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The mother of the brave four-year-old from Westhoughton who battled Strep A and sepsis, has shared her emotional journey and how the family’s life has since changed.

Camila Rose Burns was left fighting for her life in December 2022 having been admitted to Liverpool’s Alder Hey Children’s Hospital after becoming infected with Strep A.

As a result, Camila later contracted sepsis and went into septic shock which has since caused damage to Camila’s hands and feet due to a lot of skin having to be taken away.

She also suffered multiple organ failure as well.

Her mum Kaye Daniels says that Camila is doing “really well” and is able to walk for small periods but needs a wheelchair for longer distances.

She said: “She is doing good and is up and about for little periods, but it hurts the back of her legs if she walks too far.

“On the right side of her leg the tendons are still sore, and she is due to have an operation on that foot.

The Bolton News: The after effects of septic shockThe after effects of septic shock (Image: Kaye Daniels)

“There is a bone sticking out under her right foot, where some of the dead flesh was cut away when her toes were amputated, and the skin hasn’t healed over it.

“It’s really good that she’s come so far because back then in those couple of weeks, we didn’t have a clue what was going to happen, and we were unsure about walking due to her being in hospital.

“We thought she was going to start walking but didn’t know how soon or how well.”

Camila’s skin on her feet has become mottled and black at the end of her fingers due to the septic shock, known as gangrene due to the body’s tissues dying.

Kaye said: “Her right hand still has black fingers, and the end of her thumbs and fingers has come off and healed over.

“She has started to use that hand a bit.

“Every time her bandage is changed, I am looking at her to see if anything is coming off. 

“They are all bandaged up and it should be okay as long as they heal well.

The Bolton News: Camila's foot after the toes were amputatedCamila's foot after the toes were amputated (Image: Kaye Daniels)

“The way she deals with it is really positive and she is dealing better with it than I would.”

Camila has adapted really well to using her left hand even though she is right-handed and has been playing with Lego, and painting and colouring again “quite neatly”.

ALSO READ: Bolton girl, 4, with Strep A infection returns home

Kaye says that at the time when Camila was in the hospital for six weeks, the family didn’t know how this would affect her long term.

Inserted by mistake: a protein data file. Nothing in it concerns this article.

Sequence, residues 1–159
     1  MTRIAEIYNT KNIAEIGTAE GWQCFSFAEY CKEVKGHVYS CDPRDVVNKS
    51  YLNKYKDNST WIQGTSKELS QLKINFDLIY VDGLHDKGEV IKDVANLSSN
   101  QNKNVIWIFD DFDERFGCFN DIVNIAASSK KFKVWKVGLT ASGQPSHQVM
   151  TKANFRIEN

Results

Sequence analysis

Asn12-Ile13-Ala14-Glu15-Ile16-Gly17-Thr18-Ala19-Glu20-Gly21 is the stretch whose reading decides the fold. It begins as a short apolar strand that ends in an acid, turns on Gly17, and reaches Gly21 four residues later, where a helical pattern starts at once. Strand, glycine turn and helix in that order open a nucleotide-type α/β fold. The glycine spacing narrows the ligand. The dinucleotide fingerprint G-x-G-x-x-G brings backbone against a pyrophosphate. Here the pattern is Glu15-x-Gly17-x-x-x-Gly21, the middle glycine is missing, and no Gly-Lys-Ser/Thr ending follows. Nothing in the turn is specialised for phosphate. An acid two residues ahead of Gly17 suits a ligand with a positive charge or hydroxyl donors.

But she says that this is “minimal” compared to what could have happened and that during the first few days they thought Camila would have to have all four limbs amputated.

The Bolton News: Kaye with her daughters Camila and FlorenceKaye with her daughters Camila and Florence (Image: Kaye Daniels)

Camila continues to regularly go back to Alder Hey to have her dressings changed, with her skin still being quite thin which will be ongoing until the skin has healed, as well as having kidney check-ups too due to kidney failure.

She will also have respiratory check-ups as well as physio.

Kaye added: “They were quite happy with her kidney check-up.

“We will be taking her back to nursery to get her back to being a kid and playing with her friends and move about to her table.”

Kaye has been raising awareness during this week for Paediatric Sepsis Week, warning others to be aware of the signs and symptoms to look out for.

She added: “People should be aware of how things can turn into sepsis.

“I think everyone has heard of sepsis and heard of mottled skin with meningitis.

“But it was the speed of her being ill that turned into sepsis.

“If I could look back now when we went to hospital on the Sunday before she was critically ill, we would have pushed more.

“I didn’t think in our wildest dreams it would have been anything like that.

“If I did know the symptoms, I would have asked if it could have been sepsis.”

Leading up to understanding that Camila had sepsis, she had been slightly sick a few times, which is when Kaye thought she just had a standard “winter sick bug”.

The Bolton News: Sepsis signs and symptoms to look out for

She also had a pain in her upper stomach and side underarm, a “strange shallow cough that seemed to hurt so she couldn’t cough properly”, rapid heartbeat and rapid breathing, as well as a high temperature, and feeling lethargic.

Kaye added: “I took her to A&E with all of these symptoms and they sent us home.

“The next day she woke up worse with all these, plus a mottled rash, she was hallucinating and has black/dark vomit.

“I called 999 but it was too long a wait, so I took her myself.

“Time is critical with sepsis.

The Bolton News: Camila during Easter at Alder Hey Children's Hospital

“People need to be aware of all these and trust your instincts and ask could it be sepsis?

“It’s so important because she very nearly wasn’t here.”

Kaye says that Camila will continue to have a disability affecting her balance and walking and they are unsure about the tendon on her leg at the moment.

Camila is due to have an operation next Monday at Alder Hey to cut the bone on her foot down so that hopefully her skin will then heal over it.

Kaye added: “The fingers on her right hand - the parts which are dead - will also be removed either at the same time on Monday or at a later date if they haven’t come away by themselves.

“Also, she will likely need an operation in the future to lengthen the tendon in her right leg as she can’t get enough stretch in it to put it flat on the floor at 90 degrees, so it causes a limp.”

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